February is usually the coldest month in the Northern Hemisphere. That means: lots of opportunity to stay home with 10 gems from our wintery catalogue.

The Bobbsey Twins at Snow Lodge is the main topic of conversation among the family, so busy is everybody planning their Christmas vacation. But before, they have to try and clear Bert form an untrue accusation in the novel by Laura Lee Hope.

There’s no way Fridtjof Nansen will stay home either, regardless of the weather. In his short book Auf Schneeschuhen übers Gebirge he tells about a hiking trip in the Norwegian mountains – from Bergen to Kristiania to Voss.

Bob Sumner on the other hand would rather be home in St. Louis. But he has been shangaied and is now on his way to The Land of Frozen Suns, where he must learn to survive both the environment and the unfriendly fellows he travels with. Read the adventure by Bertrand W. Sinclair to find out if he will!

Definitely a survivor is Sir Wilfred Grenfell. While he was crossing a frozen bay on the Northern Peninsula of Newfoundland, he was caught Adrift on an Ice-Pan – and lived to tell the tale!

“How I was murdered” is the tale that comes to the ears, or rather: eyes, of detective Muller of the Austrian Police. Will he be able to solve The Case of the Pocket Diary Found in the Snow, written by Auguste Groner and Grace Isabel Colbran?

Equally in the dark – literally – is Snow Blind Sylvie, who was rescued at the last minute by fugitive Hugh. Brought to the small cabin where he lives with brother Pete and cook Bella, Sylvie is forced to rely on her ears to unravel the story. Katharine Newlin Burt tells a story of expectations – will they be met?

Matthew A. Henson surely never expected to be A Negro Explorer at the North Pole. This is his exciting memoir of Robert Peary’s expedition, of which he was a very important part.

Part of the poorest people was Yosef Haim Brenner, a Russian Jew who emigrated to Palestine in 1909. The four stories of בחורף – In Winter tell about the struggles of poor Jewish families during the Russian Anti-Jewish massacres of that time.

In The Snowflake and Other Poems, Canadian poet Arthur Weir deals with everything winter related with a focus on the end of the old year and the beginning of the new.

Don’t worry – winter won’t last forever! Just like Snow White and the Seven Dwarfs has a happy ending, so will the cold give way to spring. While you’re waiting, listen to the dramatic adaptation of the famous fairy tale by Jessie Braham White.



Sounds Great!

Posted on January 1, 2018 by | Posted in about LibriVox, Blog, For Volunteers, Monthly Picks, News | Comments: 2 Comments on Sounds Great!

Happy New Year! One of the favourite pastimes on New Year’s Day – especially in Europe and Asia – is listening to the Vienna New Year’s Concert. So, why not read about music too with 10 gems from our catalog?

One of the earliest ways kids are exposed to music is by listening to – and later singing themselves – old local songs. Thirteen can be found in our Folk Ballad Collection 001, both read and sung by LibriVoxers from all over the world.

If you prefer a more formal approach to music appreciation, Henry E. Krehbiehl will teach you How to Listen to Music. Written for what he calls “untaught lovers of the art”, you will learn, among others, when really to believe the critics.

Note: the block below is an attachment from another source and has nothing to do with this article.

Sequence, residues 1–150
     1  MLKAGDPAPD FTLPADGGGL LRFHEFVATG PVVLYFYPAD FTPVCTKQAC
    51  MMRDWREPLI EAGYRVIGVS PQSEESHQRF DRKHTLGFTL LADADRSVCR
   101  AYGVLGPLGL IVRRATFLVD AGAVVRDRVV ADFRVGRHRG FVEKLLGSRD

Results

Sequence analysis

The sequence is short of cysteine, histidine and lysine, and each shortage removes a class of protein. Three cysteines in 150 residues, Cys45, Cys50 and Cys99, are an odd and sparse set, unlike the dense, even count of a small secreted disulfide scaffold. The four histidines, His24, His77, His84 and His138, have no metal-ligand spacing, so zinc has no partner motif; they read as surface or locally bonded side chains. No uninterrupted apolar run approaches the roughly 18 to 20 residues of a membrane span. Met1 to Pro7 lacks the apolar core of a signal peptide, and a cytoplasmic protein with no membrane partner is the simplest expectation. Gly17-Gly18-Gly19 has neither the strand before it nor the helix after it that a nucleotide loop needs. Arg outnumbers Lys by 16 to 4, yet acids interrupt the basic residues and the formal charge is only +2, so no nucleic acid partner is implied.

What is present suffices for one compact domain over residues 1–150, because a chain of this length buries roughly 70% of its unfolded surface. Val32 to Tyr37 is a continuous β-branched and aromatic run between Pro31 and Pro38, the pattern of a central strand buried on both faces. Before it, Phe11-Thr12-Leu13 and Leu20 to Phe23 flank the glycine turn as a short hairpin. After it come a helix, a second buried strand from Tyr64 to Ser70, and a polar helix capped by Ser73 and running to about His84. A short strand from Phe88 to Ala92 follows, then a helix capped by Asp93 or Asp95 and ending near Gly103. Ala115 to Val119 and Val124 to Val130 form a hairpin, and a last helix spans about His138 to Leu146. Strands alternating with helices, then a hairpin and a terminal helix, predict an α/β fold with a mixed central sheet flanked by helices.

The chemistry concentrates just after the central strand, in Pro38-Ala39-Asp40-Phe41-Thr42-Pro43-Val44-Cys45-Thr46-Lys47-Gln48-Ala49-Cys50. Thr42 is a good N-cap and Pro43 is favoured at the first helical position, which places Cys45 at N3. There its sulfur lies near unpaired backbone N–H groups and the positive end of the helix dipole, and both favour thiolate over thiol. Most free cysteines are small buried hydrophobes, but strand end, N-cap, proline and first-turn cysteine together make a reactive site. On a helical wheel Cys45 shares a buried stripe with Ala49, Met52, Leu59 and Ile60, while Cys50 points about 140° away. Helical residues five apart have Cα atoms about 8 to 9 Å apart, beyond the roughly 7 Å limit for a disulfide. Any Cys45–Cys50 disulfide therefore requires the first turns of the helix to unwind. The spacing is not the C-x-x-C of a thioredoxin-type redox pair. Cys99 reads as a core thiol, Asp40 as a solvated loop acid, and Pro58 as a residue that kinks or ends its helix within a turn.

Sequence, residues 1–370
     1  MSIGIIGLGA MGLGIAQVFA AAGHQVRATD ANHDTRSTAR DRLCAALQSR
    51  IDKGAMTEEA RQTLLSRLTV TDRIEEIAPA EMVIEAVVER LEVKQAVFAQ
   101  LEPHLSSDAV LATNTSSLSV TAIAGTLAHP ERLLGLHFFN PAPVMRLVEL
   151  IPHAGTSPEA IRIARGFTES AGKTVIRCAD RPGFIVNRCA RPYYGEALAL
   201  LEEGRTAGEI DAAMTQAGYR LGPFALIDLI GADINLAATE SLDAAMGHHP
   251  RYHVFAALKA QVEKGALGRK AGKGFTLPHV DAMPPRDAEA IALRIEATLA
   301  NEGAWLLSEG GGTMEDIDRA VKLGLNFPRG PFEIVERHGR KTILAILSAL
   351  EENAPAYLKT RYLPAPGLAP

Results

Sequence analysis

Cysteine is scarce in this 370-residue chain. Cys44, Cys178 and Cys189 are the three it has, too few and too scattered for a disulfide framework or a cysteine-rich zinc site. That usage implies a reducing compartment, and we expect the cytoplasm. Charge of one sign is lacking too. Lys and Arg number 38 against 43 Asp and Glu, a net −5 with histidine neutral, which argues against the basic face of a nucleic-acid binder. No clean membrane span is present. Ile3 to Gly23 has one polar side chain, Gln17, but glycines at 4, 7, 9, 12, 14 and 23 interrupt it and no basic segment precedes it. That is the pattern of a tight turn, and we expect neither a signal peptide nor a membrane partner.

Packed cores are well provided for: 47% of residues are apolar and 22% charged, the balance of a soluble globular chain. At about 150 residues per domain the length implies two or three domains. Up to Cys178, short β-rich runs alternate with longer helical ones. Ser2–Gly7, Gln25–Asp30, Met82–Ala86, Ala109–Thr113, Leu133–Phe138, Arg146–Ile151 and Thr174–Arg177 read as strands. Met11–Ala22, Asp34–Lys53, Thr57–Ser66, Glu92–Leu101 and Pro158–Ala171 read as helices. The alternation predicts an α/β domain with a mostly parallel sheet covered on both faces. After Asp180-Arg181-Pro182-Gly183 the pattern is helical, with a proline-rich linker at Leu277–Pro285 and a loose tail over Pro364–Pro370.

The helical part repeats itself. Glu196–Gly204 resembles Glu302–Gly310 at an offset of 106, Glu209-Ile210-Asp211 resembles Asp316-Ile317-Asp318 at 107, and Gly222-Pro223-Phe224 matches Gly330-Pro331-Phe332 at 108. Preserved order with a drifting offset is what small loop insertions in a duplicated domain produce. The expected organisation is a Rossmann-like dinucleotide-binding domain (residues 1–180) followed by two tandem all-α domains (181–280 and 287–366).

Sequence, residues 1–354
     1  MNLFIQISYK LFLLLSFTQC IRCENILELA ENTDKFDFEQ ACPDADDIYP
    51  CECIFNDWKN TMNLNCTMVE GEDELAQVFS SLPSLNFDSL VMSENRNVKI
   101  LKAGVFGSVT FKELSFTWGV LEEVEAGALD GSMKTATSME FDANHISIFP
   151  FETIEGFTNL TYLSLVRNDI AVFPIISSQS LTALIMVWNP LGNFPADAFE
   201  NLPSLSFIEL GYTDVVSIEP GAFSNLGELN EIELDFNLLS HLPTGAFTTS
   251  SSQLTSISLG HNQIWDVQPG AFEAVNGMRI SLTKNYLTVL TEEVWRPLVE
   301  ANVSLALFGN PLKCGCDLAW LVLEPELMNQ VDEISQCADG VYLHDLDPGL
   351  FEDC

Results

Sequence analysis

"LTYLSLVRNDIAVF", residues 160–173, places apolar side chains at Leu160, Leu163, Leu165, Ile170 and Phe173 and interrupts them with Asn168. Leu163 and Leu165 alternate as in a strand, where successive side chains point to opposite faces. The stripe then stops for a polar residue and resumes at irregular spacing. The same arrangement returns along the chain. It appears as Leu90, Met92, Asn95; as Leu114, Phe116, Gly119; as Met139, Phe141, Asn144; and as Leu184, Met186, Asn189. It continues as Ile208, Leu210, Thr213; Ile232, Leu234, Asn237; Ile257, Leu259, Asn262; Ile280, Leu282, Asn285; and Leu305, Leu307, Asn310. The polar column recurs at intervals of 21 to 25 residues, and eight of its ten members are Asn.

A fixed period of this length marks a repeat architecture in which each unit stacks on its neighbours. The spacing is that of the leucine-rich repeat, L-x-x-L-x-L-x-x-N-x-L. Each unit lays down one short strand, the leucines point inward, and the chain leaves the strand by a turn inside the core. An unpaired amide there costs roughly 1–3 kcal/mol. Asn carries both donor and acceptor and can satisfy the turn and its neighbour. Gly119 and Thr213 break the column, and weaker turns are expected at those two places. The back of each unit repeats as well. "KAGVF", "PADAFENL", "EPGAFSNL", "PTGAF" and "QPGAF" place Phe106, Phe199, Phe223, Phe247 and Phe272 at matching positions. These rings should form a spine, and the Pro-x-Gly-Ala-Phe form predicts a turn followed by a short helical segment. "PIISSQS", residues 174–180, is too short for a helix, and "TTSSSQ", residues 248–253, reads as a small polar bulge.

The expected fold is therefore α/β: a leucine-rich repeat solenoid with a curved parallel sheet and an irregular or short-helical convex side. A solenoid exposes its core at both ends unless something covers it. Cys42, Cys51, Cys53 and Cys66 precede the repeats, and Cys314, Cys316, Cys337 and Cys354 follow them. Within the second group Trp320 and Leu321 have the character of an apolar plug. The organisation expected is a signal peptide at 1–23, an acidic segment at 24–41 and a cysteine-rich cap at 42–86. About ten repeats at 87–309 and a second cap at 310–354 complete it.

Everyone’s a critic in the novella by Franz Grillparzer: Der arme Spielmann is obviously a dreadful violin player. But tread softly, and he will tell you the reasons behind it, buried with a long lost love.

Kaspar is also in a reminiscent mood. After his mother’s death, he, his uncle, and his cousin talk about his youth. Find out what’s behind the Confidences d’un joueur de clarinette in the French play by Erckmann-Chatrian.

Not in the mood for big revelations is Aaron. In the aftermath of WWI, he is unhappy and indifferent to most things, and just wants “to be left alone”. Aaron’s Rod by D. H. Lawrence sketches the life of somebody who has lost everything but his flute.

On the way to happiness is poor May Wedderburn in the book by Jessie Fothergill. After all, a wealthy landowner wants her hand in marriage. But she prefers to flee to Germany, where she hears her First Violin, and everything changes.

Lots of changes lie ahead for the Quire, a group of church musicians, when the new pastor decides to buy an organ. And their member Dick is in love with the new school mistress… Read the early novel by Thomas Hardy to see how things pan out Under the Greenwood Tree.

Big changes to music were brought by a composer and pianist from Poland. In Chopin: The Man and his Music, James Hunecker produces both a biography of the famous artist and a critical analysis of his works.

No need to be famous, to become a Cathedral Singer, is all a little boy from New York wants. He has the voice of an angel, a devoted mother, and everything’s possible in the US in the early 20th century… Or so we hope, in the novel by James Lane Allen.

If after all this, you want to learn more about music, we recommend the first formal book on Music Notation and Terminology, a 1914 classic by Karl W. Gehrkens. There you’ll find everything you need: musical terms, history, excerpts, examples…